Sebastian Junger’s thoughts on fear

“Fear is essential for courage,” according to John F. Murray. Travelers prove their courage daily on the road, dealing with unknown and rapidly changing situations, often encountering an unsavory soul or two along the way.

Sebastian Junger knows fear. As a reporter, he has covered many volatile situations and frequently reports from many world hotspots, including his coverage of guerilla war in Afghanistan, LURD rebel fighters in Liberia, Bosnian war, and war crimes in Kosovo. He is perhaps best known for his 1997 book (and the subsequent movie), The Perfect Storm, about the 1991 loss of the Andrea Gail fishing vessel off the coast of Nova Scotia. Before he became a journalist, Junger worked in another high-adrenaline line of work, tree climbing and removal, until a chainsaw injury sidelined him.

In this audio interview, with National Geographic’s World Talk he discusses the role of fear in his life, including a harrowing checkpoint in Sierra Leone where his car was stopped by the ultra-violent “Westside Boys” gang and he feared that his life would soon end.

Junger writes about that checkpoint stop in his article for National Geographic Adventure:

It’s an odd paradox of being human that a feeling we are neurologically wired to avoid at all costs is also one that we covet so highly. No other animal intentionally puts itself at risk for thrills. I don’t think people would climb mountains or jump off bridges with parachutes or kayak Class V rapids if those things didn’t offer the brief and horrible illusion of imminent death. They would just be complicated, time-consuming endeavors that we’d steer well clear of because they got in the way of real life. Instead, we have the feeling that they are real life, that everything else—the day-to-day routines that take up most of our time—are somehow less important. It’s as if the value of an experience rises exponentially with the risk it poses to your life….I don’t point this out to glorify risk-taking or even apologize for it. In some ways, risk-taking is the ultimate act of self-indulgence, an obscene insult to the preciousness of life. And yet, how can one dismiss something that persists despite every reasonable theory that it shouldn’t?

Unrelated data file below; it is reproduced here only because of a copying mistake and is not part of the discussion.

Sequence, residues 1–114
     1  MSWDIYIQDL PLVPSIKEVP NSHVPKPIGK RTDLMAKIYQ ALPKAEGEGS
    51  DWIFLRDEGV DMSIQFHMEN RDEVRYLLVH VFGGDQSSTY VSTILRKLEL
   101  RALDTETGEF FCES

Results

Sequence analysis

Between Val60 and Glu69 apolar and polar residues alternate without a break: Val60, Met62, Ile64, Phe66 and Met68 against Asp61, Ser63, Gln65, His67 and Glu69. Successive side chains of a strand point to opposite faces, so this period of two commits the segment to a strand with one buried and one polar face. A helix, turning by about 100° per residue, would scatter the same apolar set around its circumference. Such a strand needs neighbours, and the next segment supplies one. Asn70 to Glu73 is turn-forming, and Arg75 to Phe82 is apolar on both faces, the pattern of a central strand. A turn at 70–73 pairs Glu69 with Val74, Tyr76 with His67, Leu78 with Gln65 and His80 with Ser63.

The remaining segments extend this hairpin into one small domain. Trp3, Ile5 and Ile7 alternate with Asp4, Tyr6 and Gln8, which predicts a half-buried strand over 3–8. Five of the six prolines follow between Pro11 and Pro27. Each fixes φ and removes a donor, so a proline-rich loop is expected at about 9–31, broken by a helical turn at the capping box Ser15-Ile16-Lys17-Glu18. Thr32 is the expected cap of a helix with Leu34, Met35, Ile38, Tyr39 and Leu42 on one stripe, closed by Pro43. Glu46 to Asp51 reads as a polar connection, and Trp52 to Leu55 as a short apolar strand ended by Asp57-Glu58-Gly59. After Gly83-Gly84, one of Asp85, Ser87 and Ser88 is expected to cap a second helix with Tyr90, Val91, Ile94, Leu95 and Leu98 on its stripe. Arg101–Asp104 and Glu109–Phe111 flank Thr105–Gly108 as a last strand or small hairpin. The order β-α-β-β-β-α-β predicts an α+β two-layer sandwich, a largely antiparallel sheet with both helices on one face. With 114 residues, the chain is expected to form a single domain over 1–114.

Though most travelers will (hopefully) not come face to face with an ultra-violent, heavily-armed gang, they still face many fears while traveling, from mustering the courage to leave in the first place to dealing with the hazards and dangers along the way. Fear is part of travel. Conquering that fear is also part of the journey. Junger is a master of this skill, and the average traveler can learn a lot from his insight.

Posted by | Comments (1)  | May 17, 2007
Category: Notes from the collective travel mind

One Response to “Sebastian Junger’s thoughts on fear”

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